Volume 9

Surrounded by artists’ books of all shapes, sizes and types, Pepper’s Project not only agreed to take part in the project, but also completed their page there and then!

Pepper's collage team

details

ready for the next person!

Yamanote days

I have now embarked on a tour of Tokyo.

My guide is a map from the back of a gallery postcard, with all the labels surgically removed.

map debris

My starting point is every station on the Yamanote railway line.

map book

I’ve been doing it for 2 days now, and I’m halfway round. I don’t know where the map will take me, but there’s always something interesting to be found at the other end…

Update: this became the Sites of Potentiality: Yamanote Line project.

City Canal Tour

Having excused myself early from the last segment of Johnny Hillwalker’s walking tour of Kyoto, I made a (not so) quick dash over to the Shimogamo Shrine to meet artist Markuz Wernli Saitô.

The last time we’d met was on the Kamo Obashi bridge when, having randomly followed a link from this article, and discovering the momentarium website I thought it would be great to invite Markuz to be a starting point for the Peer-to-Peer Sketchbooks project.

This time, however, was to be much more involved…

Wednesdays in Markuz’s programme are city canal tour days where “surprises and wet feet are guaranteed”. Well, I certainly got both, starting with performing the opening ceremony!

A condensed version of the tour can be viewed here http://momentarium.org/service/popup/1025.html (Quicktime format), but the actual event lasted about 2 hours.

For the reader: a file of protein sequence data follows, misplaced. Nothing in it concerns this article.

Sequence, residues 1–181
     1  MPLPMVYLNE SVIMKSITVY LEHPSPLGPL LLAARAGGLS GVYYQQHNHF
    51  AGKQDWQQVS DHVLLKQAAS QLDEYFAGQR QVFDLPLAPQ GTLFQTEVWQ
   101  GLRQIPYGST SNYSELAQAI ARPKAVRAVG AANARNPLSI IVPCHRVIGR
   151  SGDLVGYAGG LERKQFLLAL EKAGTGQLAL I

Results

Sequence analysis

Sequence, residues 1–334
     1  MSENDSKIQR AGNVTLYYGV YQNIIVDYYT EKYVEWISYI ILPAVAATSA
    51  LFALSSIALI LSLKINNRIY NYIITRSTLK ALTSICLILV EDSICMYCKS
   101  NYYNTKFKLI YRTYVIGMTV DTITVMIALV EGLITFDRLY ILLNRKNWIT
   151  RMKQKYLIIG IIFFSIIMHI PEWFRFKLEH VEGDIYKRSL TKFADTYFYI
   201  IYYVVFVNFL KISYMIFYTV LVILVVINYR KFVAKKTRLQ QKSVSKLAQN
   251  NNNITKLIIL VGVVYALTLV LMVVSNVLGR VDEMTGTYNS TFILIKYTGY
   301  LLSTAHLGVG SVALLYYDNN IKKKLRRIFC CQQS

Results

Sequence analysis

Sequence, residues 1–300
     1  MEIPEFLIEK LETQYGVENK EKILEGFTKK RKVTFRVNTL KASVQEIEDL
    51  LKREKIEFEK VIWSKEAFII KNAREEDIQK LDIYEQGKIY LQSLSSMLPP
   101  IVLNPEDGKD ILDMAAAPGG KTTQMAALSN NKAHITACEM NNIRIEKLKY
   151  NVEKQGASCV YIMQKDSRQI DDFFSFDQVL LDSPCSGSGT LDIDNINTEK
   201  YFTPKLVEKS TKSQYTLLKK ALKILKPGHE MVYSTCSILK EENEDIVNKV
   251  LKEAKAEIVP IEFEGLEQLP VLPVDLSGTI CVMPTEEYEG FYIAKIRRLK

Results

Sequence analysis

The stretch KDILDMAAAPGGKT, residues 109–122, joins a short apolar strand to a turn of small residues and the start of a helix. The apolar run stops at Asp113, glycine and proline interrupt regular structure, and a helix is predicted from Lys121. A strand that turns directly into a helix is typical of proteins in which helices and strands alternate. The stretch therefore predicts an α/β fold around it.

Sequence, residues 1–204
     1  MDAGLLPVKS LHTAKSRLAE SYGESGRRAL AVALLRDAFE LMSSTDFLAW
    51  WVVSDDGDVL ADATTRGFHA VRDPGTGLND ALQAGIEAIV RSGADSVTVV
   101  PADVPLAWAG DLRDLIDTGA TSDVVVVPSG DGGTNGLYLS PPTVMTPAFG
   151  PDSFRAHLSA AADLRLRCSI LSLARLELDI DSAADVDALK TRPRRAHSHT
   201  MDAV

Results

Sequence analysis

canalside futon clips

It was fascinating to peer into people’s gardens from what was effectively ground level, and there were some nice little discoveries within the limbo territory of the canal itself: sights, sounds and smells.

Mostly the people we saw did a double-take but recovered enough to give us a friendly “konnichiwa” or “kombanwa”. There were a few quality encounters though, such as the woman throwing food across the canal and two fences to a dog in a garden on the other side, and The Guy in the Red T-Shirt.

The Guy in the Red T-Shirt

I didn’t catch his name, but he just sort of appeared alongside the canal on his bike. After a brief introductory chat with Markuz, he left his bike propped up at the side and came down to join us. …but only for a few seconds before he started sprinting down the canal path!

He reappeared some time later completely out of breath and stopped to chat some more. We saw him a few more times after that as he cycled over various bridges and gave us a friendly wave. I wonder if he ever got back in touch with Markuz later by email?

camera

I’m very much intrigued by how encounters like this can be documented. I was repeatedly amazed by the fact that, in Japan, Markuz has been able to leave his video camera set up on a tripod on the other side of busy bridges and in railway stations etc unattended and without fear that it would get stolen. How would you manage this in the UK or elsewhere? Some sort of hidden camera? An entourage of beefy cameramen?

Is there some other way of documenting the process besides video? Does the record need to be visual and time-based?

Maybe a more comforting way to regard my dozens of mosquito bites is as some form of alternative documentary record…

Volume 17

This week I was due to meet up with a friend in Kyoto on Saturday, but I altered my plans so I could meet up with momentarium Markuz Wernli Saitô.